Why mention these women? Some have suggested that it was due to the fact that Mary’s pregnancy was suspect. Such argue that Joseph himself had doubts (Matthew 1:19). However, Matthew explains clearly what the circumstances were and that Joseph’s conscience was assuaged by the angel’s revelation. Hence, why would Matthew need further explanation by appealing (albeit, indirectly) to sordid circumstances of the past?
It seems more likely that Matthew was seeking to break down prejudicial Jewish assumptions regarding societal norms, particularly in regard to women. Christianity had success among them in places (Acts 16:13). And Christianity has always sought to elevate woman to her proper place as God’s creation. The men of the day saw women as chattel to be married and divorced as they pleased. Jesus’ message of the gospel, however, recognized their value and brought them to a place of equality among men (Galatians 3:28).
The mention of these women also assured the reader that, while one might commit terrible sins in one’s life, that there was forgiveness and inclusion for the penitent. Tamar, Rahab, and Bathsheba were all guilty of sexual sins. Many of the women mentioned in the gospel were also so guilty. In Jesus, however, we find, upon repentance, a willingness to forgive and accept those whom society has completely written off.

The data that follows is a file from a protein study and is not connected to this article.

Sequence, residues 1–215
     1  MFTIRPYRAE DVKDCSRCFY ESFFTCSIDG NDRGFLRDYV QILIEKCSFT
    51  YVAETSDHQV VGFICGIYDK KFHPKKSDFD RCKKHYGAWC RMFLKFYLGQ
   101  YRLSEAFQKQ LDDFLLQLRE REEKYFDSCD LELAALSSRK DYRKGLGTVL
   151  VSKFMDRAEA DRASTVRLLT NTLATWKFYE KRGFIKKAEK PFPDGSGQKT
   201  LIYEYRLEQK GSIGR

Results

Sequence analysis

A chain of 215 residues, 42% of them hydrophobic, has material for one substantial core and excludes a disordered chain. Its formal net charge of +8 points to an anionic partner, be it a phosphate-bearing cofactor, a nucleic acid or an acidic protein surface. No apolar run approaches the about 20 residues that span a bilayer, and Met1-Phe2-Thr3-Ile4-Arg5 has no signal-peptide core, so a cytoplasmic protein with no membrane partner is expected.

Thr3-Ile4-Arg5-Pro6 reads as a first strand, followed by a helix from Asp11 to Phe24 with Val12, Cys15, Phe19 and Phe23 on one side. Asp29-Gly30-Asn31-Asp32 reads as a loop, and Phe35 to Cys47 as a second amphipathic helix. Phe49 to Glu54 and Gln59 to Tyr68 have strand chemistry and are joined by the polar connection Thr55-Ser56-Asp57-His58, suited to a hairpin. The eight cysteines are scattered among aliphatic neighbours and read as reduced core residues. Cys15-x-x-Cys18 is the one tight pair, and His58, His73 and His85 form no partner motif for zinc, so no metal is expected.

Finally, that these women were involved in some way with gentiles also seems to be part of Matthew’s object. The gospel was to the Jews first, but also to the gentiles (Romans 1:16). Tamar, Rahab, Ruth, and Bathsheba (the wife of Uriah, he says) all had intimate dealings with gentile people. The gospel isn’t merely for the pure-blood Jew and Matthew reminds us that the pure-blood Jew wasn’t so “pure.” It is from these three thoughts that we conclude that Matthew’s purpose in mentioning these women appears to be an effort at breaking down prejudicial walls that would prevent a Jewish person from believing and accepting the gospel.
Vss. 7-11 – Matthew enumerates the kings of Israel both good and wicked. Without going into detail regarding their lives, the Jewish mind would have been reminded of Hezekiah and Josiah as reformers and perhaps thought of Jesus in a similar vein. Verse 11 ends with Babylonian captivity, another reminder of Israel’s sinful past.
Vss. 12-17 – Of course when Matthew gets to Joseph, he makes it clear that he was the husband of Mary and that it was of her that Jesus was born lest anyone should get the mistaken impression that Joseph sired Jesus.
The use of the number “fourteen” in verse 17 doesn’t appear to have any particular significance. This may have merely been a memory aid for the Jewish Christian who sought to present Jesus’ case to other Jews by virtue of the genealogy. The discussion of genealogy among the Jews was evidently a popular enough activity that Paul had to warn Titus and Timothy against getting bogged down into such matters (1 Timothy 1:4, Titus 3:9). The genealogy Matthew uses here serves to overcome a hurdle in the Jewish mind. That hurdle having been overcome, Matthew proceeds to the story of Jesus birth.